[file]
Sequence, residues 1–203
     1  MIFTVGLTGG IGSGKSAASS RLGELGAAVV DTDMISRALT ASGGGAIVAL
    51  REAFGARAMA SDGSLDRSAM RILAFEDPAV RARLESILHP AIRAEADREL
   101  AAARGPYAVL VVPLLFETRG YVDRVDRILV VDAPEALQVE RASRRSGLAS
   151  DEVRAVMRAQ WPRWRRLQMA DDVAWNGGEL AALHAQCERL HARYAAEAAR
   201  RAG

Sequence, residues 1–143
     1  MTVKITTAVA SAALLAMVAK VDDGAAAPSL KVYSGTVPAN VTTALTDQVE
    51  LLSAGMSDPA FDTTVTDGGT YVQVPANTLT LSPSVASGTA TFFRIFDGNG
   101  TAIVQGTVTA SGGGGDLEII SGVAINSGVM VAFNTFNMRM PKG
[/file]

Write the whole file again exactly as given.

Sequence, residues 1–203
     1  MIFTVGLTGG IGSGKSAASS RLGELGAAVV DTDMISRALT ASGGGAIVAL
    51  REAFGARAMA SDGSLDRSAM RILAFEDPAV RARLESILHP AIRAEADREL
   101  AAARGPYAVL VVPLLFETRG YVDRVDRILV VDAPEALQVE RASRRSGLAS
   151  DEVRAVMRAQ WPRWRRLQMA DDVAWNGGEL AALHAQCERL HARYAAEAAR
   201  RAG

Sequence, residues 1–143
     1  MTVKITTAVA SAALLAMVAK VDDGAAAPSL KVYSGTVPAN VTTALTDQVE
    51  LLSAGMSDPA FDTTVTDGGT YVQVPANTLT LSPSVASGTA TFFRIFDGNG
   101  TAIVQGTVTA SGGGGDLEII SGVAINSGVM VAFNTFNMRM PKG